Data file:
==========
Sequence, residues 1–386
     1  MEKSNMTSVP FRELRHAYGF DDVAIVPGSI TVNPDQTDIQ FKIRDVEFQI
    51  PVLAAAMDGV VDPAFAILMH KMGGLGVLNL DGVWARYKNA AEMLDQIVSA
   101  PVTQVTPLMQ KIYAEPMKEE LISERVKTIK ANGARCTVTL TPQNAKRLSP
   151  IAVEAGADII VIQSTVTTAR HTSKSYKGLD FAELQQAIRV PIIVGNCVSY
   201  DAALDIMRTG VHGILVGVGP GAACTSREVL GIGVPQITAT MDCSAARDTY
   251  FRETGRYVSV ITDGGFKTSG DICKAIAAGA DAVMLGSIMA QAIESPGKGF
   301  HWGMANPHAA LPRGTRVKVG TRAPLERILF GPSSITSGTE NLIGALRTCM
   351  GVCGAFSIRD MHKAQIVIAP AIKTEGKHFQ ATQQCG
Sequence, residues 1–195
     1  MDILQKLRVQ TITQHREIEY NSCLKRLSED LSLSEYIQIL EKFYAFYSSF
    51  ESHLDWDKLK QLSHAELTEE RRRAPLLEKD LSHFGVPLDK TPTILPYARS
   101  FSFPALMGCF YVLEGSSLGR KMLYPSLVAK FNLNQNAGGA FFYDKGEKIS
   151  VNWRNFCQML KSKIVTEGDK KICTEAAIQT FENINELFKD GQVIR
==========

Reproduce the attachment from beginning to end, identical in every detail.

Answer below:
Sequence, residues 1–386
     1  MEKSNMTSVP FRELRHAYGF DDVAIVPGSI TVNPDQTDIQ FKIRDVEFQI
    51  PVLAAAMDGV VDPAFAILMH KMGGLGVLNL DGVWARYKNA AEMLDQIVSA
   101  PVTQVTPLMQ KIYAEPMKEE LISERVKTIK ANGARCTVTL TPQNAKRLSP
   151  IAVEAGADII VIQSTVTTAR HTSKSYKGLD FAELQQAIRV PIIVGNCVSY
   201  DAALDIMRTG VHGILVGVGP GAACTSREVL GIGVPQITAT MDCSAARDTY
   251  FRETGRYVSV ITDGGFKTSG DICKAIAAGA DAVMLGSIMA QAIESPGKGF
   301  HWGMANPHAA LPRGTRVKVG TRAPLERILF GPSSITSGTE NLIGALRTCM
   351  GVCGAFSIRD MHKAQIVIAP AIKTEGKHFQ ATQQCG
Sequence, residues 1–195
     1  MDILQKLRVQ TITQHREIEY NSCLKRLSED LSLSEYIQIL EKFYAFYSSF
    51  ESHLDWDKLK QLSHAELTEE RRRAPLLEKD LSHFGVPLDK TPTILPYARS
   101  FSFPALMGCF YVLEGSSLGR KMLYPSLVAK FNLNQNAGGA FFYDKGEKIS
   151  VNWRNFCQML KSKIVTEGDK KICTEAAIQT FENINELFKD GQVIR